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FT116GREUV

AFRICAN CLAWED FROG (Xenopus laevis)

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These frogs are plentiful in ponds and rivers within the south-eastern portion of Sub-Saharan Africa. They are aquatic and are often greenish-grey in color. Albino varieties are commonly sold as pets. "Wild type" African clawed frogs are also frequently sold as pets, and often incorrectly labeled as a Congo frog or African dwarf frog because of similar colorings. They are easily distinguished from African dwarf frogs because African clawed frogs have webbing only on their hind feet while African dwarf frogs have webbing on all four feet.

They reproduce by fertilizing eggs outside of the female's body (see frog reproduction). Of the seven amplexus modes (positions in which frogs mate), these frogs are found breeding in inguinal amplexus, where the male clasps the female in front of the female's back legs and squeezes until eggs come out. The eggs are then fertilized.

The clawed frogs are the only amphibians to have actual claws used to climb and shred foods like fish or tadpoles. They lay their eggs from winter until spring. During wet rainy seasons they will travel to other ponds or puddles of water to search for food. During times of drought, the clawed frogs can burrow themselves into the mud, becoming dormant for up to a year.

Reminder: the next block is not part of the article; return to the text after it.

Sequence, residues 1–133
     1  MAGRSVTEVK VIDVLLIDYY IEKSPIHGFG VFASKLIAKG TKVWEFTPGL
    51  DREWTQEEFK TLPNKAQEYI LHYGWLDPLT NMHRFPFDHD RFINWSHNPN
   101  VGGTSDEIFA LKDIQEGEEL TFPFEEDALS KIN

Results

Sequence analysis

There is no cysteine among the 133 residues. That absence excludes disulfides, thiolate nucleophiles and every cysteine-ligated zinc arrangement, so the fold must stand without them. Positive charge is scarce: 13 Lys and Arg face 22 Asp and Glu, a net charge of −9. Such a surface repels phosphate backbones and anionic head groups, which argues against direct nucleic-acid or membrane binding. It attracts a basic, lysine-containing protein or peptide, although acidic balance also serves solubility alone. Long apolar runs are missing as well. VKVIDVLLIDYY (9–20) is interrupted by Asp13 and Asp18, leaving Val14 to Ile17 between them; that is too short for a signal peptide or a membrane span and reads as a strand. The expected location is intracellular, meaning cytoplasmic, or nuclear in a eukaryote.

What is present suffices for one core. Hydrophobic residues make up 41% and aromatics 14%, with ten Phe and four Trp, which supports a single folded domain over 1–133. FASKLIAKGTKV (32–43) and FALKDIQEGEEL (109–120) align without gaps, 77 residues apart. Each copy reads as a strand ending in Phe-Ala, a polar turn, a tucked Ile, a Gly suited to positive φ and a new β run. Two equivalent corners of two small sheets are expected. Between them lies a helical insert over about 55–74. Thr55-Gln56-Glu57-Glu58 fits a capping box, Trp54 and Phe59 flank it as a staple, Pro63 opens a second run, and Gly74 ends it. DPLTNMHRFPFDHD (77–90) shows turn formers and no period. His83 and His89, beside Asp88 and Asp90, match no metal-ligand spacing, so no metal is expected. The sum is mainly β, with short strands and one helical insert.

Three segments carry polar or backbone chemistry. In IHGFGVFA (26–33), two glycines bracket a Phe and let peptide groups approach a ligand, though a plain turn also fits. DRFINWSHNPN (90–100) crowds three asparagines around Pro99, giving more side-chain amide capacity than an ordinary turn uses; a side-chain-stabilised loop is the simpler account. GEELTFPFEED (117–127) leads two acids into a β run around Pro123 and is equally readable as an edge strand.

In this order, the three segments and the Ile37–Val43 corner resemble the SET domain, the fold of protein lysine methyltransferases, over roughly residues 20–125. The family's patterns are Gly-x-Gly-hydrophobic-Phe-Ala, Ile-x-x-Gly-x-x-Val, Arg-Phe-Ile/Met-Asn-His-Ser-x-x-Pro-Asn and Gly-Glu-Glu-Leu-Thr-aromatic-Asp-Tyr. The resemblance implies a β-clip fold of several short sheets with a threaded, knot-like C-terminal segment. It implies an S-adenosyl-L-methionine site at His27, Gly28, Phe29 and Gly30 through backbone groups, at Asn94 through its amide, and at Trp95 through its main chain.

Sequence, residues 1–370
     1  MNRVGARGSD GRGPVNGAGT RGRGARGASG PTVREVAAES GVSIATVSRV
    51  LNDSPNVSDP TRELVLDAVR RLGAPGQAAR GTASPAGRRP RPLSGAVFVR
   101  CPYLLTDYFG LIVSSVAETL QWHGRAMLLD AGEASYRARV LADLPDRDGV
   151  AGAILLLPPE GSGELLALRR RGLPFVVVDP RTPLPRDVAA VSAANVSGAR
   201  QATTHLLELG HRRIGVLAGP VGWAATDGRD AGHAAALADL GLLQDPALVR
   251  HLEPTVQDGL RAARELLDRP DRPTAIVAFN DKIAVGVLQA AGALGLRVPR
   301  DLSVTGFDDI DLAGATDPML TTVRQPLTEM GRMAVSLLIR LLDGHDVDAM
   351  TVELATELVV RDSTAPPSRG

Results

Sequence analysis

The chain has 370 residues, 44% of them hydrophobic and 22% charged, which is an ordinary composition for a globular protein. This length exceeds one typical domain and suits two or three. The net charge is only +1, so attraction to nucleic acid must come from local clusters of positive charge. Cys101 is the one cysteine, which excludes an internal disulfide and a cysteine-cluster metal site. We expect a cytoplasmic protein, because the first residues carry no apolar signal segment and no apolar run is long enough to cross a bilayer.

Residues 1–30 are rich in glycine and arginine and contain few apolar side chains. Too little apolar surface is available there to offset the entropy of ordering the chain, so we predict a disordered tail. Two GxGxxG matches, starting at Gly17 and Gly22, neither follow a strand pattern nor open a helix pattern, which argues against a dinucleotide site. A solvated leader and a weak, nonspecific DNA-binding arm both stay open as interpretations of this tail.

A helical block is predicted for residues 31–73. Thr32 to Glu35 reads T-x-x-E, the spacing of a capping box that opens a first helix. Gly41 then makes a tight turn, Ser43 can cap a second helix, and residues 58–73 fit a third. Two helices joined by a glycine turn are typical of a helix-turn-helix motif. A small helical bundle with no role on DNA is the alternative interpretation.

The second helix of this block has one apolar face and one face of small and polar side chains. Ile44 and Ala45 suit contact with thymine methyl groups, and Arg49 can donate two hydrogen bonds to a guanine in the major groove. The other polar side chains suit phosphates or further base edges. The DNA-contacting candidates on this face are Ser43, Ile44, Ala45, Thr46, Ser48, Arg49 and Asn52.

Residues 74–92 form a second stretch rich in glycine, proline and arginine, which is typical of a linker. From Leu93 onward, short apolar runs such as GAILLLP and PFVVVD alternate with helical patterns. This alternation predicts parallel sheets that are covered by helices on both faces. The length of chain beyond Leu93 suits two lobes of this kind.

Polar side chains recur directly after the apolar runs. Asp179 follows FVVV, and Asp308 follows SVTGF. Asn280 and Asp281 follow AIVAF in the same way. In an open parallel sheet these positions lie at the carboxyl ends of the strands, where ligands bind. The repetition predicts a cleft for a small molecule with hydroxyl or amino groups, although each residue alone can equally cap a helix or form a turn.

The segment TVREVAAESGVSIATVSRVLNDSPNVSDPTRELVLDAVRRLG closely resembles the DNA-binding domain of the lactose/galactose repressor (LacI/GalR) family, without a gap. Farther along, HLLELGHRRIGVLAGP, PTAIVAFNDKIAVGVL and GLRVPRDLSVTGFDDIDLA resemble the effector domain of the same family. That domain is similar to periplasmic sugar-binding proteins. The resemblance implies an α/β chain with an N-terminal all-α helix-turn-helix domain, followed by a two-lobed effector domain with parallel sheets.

X. laevis have been known to survive 15 or more years in the wild and 25–30 years in captivity. They shed their skin every season, and eat their own shed skin.

Although lacking a vocal sac, the males make a mating call of alternating long and short trills, by contracting the intrinsic laryngeal muscles. Females also answer vocally, signaling either acceptance (a rapping sound) or rejection (slow ticking) of the male. This frog has smooth slippery skin which is multicolored on its back with blotches of olive gray or brown. The underside is creamy white with a yellow tinge.

Male and female frogs can be easily distinguished through the following differences. Male frogs are usually about 20% smaller than females, with slim bodies and legs. Males make mating calls to attract females, sounding very much like a cricket calling underwater. Females are larger than the males, appearing far more plump with hip-like bulges above their rear legs (where their eggs are internally located).

Both males and females have a cloaca, which is a chamber through which digestive and urinary wastes pass and through which the reproductive systems also empty. The cloaca empties by way of the vent which in reptiles and amphibians is a single opening for all three systems.